Friday, February 26, 2010

Christie's songs

Hey guys

We've put Christie's music on Noisetrade. You can download it for free! Just use the widget.

Systematic Theology Part 18: From Nothing to Something

God's creation is amazing. We've all experienced that to some extent. Whether it's the fog on the fog rolling across the lake, a shooting star, snow on the fields or a woodpecker in the back yard, you can see how amazing God's creativity and power are. There are some amazing images out there, and the further you go the more you can see the creative power of God. Modern technology has given us some incredible views of the universe. Here are two of those views:

Images from the Hubble Telescope

Planet Earth

We are not going to take on the Creation/Evolution debate here. We've talked about that at length before and will again in the future. Instead we are going to look at the ACT of creation. We'll find out why its important, what it means and how it affects our lives and our faith.

Creation is not just a thing but is also an act. Here's a definition of Creation as an act:

"The Christian doctrine of creation is the free act of the triune God to create the entire universe from nothing, as well as every creature for his own purposes and glory. (David Nelson, A Theology for the Church, p243)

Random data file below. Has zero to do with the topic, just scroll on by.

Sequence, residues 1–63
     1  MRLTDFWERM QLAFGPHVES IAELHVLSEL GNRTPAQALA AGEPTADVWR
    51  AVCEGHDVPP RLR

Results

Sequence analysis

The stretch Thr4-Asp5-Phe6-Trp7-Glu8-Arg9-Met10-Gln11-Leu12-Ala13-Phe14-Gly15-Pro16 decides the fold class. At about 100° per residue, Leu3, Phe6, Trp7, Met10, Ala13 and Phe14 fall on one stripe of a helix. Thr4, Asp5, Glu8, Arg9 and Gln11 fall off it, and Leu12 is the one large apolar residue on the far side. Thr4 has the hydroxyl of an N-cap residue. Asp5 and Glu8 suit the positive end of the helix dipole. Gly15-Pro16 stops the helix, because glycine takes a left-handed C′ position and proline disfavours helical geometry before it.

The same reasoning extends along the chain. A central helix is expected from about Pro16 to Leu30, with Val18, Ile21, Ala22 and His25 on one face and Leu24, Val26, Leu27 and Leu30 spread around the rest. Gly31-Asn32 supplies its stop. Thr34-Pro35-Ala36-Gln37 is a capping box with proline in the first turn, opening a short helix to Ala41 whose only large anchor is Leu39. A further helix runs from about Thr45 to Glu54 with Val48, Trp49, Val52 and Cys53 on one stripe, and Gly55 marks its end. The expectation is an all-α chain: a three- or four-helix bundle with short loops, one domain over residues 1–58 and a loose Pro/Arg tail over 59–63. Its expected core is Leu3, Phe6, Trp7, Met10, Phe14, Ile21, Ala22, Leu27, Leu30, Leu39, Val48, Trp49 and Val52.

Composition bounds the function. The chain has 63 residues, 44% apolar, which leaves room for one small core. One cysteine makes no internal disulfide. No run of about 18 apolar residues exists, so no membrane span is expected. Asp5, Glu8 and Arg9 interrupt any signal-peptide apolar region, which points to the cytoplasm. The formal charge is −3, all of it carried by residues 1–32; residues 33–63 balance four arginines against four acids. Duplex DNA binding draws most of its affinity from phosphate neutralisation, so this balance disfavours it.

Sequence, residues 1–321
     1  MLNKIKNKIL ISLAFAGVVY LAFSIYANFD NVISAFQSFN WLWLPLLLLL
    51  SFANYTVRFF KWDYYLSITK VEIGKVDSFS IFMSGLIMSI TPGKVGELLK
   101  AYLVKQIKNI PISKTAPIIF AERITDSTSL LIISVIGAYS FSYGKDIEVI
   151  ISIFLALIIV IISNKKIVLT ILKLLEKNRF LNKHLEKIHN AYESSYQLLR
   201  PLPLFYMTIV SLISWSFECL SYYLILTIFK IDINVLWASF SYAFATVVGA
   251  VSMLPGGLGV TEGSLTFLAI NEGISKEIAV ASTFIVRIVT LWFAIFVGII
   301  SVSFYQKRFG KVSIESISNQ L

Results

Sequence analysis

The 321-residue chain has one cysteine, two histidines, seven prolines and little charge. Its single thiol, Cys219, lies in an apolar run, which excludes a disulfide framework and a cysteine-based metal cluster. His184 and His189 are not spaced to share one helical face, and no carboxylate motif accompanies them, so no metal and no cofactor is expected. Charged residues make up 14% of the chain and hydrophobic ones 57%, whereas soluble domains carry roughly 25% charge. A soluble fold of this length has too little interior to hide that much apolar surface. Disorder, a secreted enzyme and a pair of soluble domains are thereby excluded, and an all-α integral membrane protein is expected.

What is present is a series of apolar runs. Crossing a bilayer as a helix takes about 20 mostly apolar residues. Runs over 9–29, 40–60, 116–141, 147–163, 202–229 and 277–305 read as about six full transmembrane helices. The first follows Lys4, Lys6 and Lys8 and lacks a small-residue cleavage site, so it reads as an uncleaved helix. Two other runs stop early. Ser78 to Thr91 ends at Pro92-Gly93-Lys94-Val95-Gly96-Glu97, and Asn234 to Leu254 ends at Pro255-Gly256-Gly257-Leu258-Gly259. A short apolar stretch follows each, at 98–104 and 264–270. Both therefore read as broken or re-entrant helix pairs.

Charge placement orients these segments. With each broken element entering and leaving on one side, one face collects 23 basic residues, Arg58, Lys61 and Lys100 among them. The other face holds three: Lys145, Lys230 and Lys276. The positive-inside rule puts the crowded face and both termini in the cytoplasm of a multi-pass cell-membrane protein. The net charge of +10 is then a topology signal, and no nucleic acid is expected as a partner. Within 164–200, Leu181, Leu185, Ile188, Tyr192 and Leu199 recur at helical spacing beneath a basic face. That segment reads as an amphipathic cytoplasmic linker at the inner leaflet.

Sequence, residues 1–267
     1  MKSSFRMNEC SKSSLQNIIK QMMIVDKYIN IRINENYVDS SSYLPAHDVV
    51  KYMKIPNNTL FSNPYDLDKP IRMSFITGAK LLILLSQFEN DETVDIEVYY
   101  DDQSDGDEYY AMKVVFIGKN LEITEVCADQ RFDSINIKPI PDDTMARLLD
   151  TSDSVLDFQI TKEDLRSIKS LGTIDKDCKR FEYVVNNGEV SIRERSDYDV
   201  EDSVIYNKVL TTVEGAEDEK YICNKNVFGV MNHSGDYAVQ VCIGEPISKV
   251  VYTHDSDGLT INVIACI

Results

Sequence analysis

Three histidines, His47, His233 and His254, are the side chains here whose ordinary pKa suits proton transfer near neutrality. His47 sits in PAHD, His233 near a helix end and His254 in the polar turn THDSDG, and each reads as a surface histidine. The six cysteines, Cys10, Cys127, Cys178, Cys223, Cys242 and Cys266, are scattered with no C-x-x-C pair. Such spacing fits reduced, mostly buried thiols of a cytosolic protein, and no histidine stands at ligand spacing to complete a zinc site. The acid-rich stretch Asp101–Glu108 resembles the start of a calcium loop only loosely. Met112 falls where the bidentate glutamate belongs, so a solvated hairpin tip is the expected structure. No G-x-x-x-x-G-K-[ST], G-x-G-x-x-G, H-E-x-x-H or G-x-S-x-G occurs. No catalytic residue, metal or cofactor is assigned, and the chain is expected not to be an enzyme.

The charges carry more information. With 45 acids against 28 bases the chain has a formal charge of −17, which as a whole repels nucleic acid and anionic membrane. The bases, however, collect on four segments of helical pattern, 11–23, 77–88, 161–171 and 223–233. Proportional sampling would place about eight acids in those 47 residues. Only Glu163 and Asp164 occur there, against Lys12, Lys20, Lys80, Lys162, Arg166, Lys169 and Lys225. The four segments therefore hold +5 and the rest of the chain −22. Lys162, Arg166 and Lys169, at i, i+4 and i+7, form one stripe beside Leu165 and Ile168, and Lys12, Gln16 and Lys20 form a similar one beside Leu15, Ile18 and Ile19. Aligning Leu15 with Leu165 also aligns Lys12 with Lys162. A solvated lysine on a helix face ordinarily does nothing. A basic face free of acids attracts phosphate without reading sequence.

But, why study creation as an act?

1. The doctrine of creation is fundamental to faith.

Hebrews 11:3 says: "By faith we understand that the universe was created by the word of God, so that what is seen was not made out of things that are visible."

The beginning of a chapter on people that believed and acted in faith is grounded in the belief and faith that the world was created exactly the way Genesis one depicts it. Belief in creation is the first great belief in faith and, as we will see, is foundational to EVERYTHING else we believe.

2. The doctrine of creation is a significant part of the whole of scripture.

The theme of creation runs through the entire text, from the original creation in Genesis 1 to God's recreation, the new heaven and new earth, in Revelation 21-22. We will see this as we discover the key truths about creation. The doctrine of creation is not limited to Genesis 1 and 2.

"God's creative work plays a prominent role in the biblical presentation of God." (Millard Erickson, Chrisitian Theology, p393)

3. The doctrine of creation has historically been a highly important part of the teaching and preaching of the church.

The first part of the Apostle's Creed says, "I believe in God the Father Almighty, maker of heaven and earth." The church fathers knew that our understanding of the doctrine of creation affects our understanding of other doctrines.

"Alter the doctrine of creation at any point, and you have also altered...other aspects of Christian doctrine." (Erickson, p393)